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N429FJ accident description

New Jersey map... New Jersey list
Crash location 39.457500°N, 74.577223°W
Reported location is a long distance from the NTSB's reported nearest city. This often means that the location has a typo, or is incorrect.
Nearest city Atlantic City, NJ
39.364283°N, 74.422927°W
10.5 miles away
Tail number N429FJ
Accident date 02 May 2002
Aircraft type Fairchild Dornier DO-328-300
Additional details: None

NTSB Factual Report


On May 2, 2002, at 0830 eastern daylight time, a Fairchild Dornier DO-328-300, N429FJ, operated by Atlantic Coast Airlines (ACA) d/b/a Delta Connection flight 6110, was not damaged after the crew reported a strong odor of smoke in the cockpit. The captain declared an emergency and landed without incident at Atlantic City International Airport (ACY), Atlantic City, New Jersey. The certificated airline transport pilot captain, commercial rated first officer, flight attendant, and 33 passengers were not injured. An instrument flight rules (IFR) flight plan was filed for the flight between Piedmont Triad International Airport (GSO), Greensboro, North Carolina, and La Guardia Airport (LGA), New York City, New York. Instrument meteorological conditions prevailed for the flight conducted under 14 CFR Part 121.

During an interview, the captain and first officer both said that they were established on a published arrival procedure into La Guardia and were about 20-30 miles east of Baltimore, Maryland, when air traffic control (ATC) instructed them to descend from 27,000 feet to 22,000 feet. During the descent, they began to smell a strong odor in the cockpit, which they described as something electrical burning. They did not know where the odor emanated from, and could not confirm that there was any smoke associated with the odor.

The odor dissipated, but returned just as strong a few minutes later. At this point, the crew said they donned their oxygen masks.

According to the captain, he thought that there was an in-flight fire and immediately declared an emergency. Shortly after declaring the emergency, he said that the air data computer (ADC) #1 and #2 screens displayed red "x's", and the information of the displays was intermittent. The flight director and the attitude heading reference systems (AHRS) #1 and #2 also went off-line. The engine parameters page on the engine indication and crew alerting system (EICAS) was empty, but the cautions page continued to load. The captain could not recall what cautions were posted, but said that there was no pattern to them.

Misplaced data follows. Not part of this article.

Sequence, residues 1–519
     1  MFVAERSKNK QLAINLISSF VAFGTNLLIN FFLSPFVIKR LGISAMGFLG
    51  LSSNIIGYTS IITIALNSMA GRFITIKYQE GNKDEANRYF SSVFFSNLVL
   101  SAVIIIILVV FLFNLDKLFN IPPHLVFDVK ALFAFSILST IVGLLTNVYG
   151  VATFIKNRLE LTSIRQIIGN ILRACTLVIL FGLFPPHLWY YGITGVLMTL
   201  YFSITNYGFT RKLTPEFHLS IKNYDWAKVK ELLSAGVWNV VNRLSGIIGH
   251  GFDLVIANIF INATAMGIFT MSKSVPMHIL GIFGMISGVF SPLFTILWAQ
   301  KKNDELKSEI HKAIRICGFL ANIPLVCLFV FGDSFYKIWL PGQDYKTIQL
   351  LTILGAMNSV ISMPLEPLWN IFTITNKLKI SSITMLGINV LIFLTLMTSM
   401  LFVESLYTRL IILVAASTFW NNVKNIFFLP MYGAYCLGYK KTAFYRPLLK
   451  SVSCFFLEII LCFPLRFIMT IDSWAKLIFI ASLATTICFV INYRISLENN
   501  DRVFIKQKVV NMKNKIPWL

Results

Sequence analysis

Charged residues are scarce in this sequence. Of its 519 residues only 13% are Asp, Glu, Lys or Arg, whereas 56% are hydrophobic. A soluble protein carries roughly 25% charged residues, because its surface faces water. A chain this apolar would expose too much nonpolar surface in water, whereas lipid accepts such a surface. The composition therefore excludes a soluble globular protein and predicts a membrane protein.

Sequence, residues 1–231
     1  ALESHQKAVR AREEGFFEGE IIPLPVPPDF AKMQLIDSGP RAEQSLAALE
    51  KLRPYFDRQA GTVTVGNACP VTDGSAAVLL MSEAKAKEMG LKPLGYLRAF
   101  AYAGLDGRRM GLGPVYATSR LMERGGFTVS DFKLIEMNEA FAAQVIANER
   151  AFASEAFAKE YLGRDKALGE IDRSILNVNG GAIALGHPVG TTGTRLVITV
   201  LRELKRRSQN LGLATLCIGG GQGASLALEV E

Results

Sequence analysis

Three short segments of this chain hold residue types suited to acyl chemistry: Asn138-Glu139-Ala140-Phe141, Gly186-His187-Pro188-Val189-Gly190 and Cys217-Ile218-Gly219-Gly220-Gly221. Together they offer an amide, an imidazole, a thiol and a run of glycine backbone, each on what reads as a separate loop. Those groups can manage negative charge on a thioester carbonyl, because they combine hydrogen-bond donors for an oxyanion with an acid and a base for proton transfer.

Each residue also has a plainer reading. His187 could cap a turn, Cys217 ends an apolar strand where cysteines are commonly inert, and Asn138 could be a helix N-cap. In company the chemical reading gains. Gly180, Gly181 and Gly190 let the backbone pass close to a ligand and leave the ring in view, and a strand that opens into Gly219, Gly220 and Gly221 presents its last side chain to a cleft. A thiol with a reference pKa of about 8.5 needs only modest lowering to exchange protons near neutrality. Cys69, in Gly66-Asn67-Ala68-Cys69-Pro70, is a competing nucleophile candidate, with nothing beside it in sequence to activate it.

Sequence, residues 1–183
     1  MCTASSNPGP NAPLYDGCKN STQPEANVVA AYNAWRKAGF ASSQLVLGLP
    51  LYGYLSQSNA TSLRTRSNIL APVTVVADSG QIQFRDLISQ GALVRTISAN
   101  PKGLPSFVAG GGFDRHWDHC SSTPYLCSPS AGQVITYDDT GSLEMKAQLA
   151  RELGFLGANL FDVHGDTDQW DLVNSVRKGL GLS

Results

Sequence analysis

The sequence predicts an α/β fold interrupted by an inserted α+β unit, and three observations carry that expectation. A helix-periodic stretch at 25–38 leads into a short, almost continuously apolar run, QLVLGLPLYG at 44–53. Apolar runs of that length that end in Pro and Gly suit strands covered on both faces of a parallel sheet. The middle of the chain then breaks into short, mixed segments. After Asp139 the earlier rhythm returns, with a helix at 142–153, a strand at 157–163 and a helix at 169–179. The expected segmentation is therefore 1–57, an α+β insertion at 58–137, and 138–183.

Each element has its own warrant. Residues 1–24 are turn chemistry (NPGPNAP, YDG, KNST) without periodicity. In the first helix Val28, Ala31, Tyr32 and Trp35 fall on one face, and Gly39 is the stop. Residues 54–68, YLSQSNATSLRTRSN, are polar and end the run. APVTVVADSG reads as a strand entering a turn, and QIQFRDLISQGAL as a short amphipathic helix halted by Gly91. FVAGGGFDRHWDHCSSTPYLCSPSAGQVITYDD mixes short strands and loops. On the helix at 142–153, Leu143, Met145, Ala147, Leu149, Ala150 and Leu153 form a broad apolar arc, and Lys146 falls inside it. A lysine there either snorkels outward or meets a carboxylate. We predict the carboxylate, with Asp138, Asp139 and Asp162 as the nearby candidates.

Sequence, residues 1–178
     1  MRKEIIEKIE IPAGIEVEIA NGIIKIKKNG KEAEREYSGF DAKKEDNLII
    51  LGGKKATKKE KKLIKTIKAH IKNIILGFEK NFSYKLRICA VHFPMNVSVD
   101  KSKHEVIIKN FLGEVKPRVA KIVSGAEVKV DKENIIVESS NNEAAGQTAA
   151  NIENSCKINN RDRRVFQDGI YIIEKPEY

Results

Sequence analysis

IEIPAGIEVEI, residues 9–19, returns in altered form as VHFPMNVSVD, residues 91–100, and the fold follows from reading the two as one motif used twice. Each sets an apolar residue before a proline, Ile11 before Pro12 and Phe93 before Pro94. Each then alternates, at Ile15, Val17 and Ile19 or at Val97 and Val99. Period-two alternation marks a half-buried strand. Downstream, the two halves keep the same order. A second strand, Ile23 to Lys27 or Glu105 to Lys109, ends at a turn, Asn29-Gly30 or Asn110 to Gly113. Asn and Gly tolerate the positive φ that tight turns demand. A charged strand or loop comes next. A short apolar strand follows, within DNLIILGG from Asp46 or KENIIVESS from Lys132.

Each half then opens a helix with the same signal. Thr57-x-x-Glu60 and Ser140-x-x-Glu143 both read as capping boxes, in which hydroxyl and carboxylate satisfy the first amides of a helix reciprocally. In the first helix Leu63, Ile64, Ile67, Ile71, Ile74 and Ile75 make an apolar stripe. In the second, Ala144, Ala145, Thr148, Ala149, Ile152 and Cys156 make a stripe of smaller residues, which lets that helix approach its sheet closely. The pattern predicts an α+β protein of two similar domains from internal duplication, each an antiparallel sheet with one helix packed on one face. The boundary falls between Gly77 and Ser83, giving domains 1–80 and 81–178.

While on approach to Atlantic City, the captain said the flight display screens returned to normal.

According to the first officer, he was flying the airplane. He said the first signs of electrical failures began when the autopilot disconnected, followed by the flight director. He said that his flight display screens never went blank, but were missing information. He saw a flight director fail warning light illuminated for a while, but it reset itself by the time they landed in Atlantic City. He said his attitude director indicator (ADI) turned blue. He also noticed there were red "x's" on the captain's displays for the flaps, ADC #1 and #2, airspeed and altitude. On the EICAS, the engine parameters page was empty, and he saw "empty shells and dashed lines." The caution page was full and continued to load. He said that he saw "lots" of 1's and 2's on the screen.

The first officer also said that due to the loss of flight display information, he flew the airplane on the stand-by instruments with the auto pilot off for the remainder of the flight. However, on approach into Atlantic City, he said the flight display screens had returned to normal.

A Federal Aviation Administration (FAA) inspector performed an examination of the airplane on the evening of the incident. According to the inspector the airplane was towed to Mid Atlantic Jet fixed base operator. ACA also dispatched two maintenance personnel to work on the airplane. The maintenance personnel performed a lightning strike inspection, partial airframe structural inspection, and a visual inspection for overheated wires and chaffing. All systems were checked with power on and both engines running. No discrepancies were noted during these checks.

The airplane was ferried to Dulles, Virginia, on May 4, 2002. One of the pilot's who ferried the airplane back to Virginia was the operator's supervisor of flight standards for the Dornier 328. According to the supervisor, the ferry flight was normal and there were no discrepancies noted with any of the airplane's flight systems or display units.

Examination of maintenance records indicated that the de-ice and ice detection system were also examined after the occurrence with no discrepancies noted. Additionally, the airplane was checked for structural damage and no discrepancies were noted. The airplane was returned to service.


A National Transportation Safety Board meteorologist conducted a study of the weather conditions at the time of the incident. The Doppler Weather Radar images he used were generated from data downloaded from Unidata, and the airplane's radar track was plotted on the Weather Radar images. The data revealed that after declaring an emergency, the pilot started a right turn in order to fly away from the weather, which were VIP intensity levels 2 and 3. However, the airplane continued to make a 360 degree turn, and by the end of the complete circle, the airplane had turned back into weather of VIP intensity levels 4 and 5. At that point, the airplane was approximately 30 seconds away from entering VIP intensity levels 6.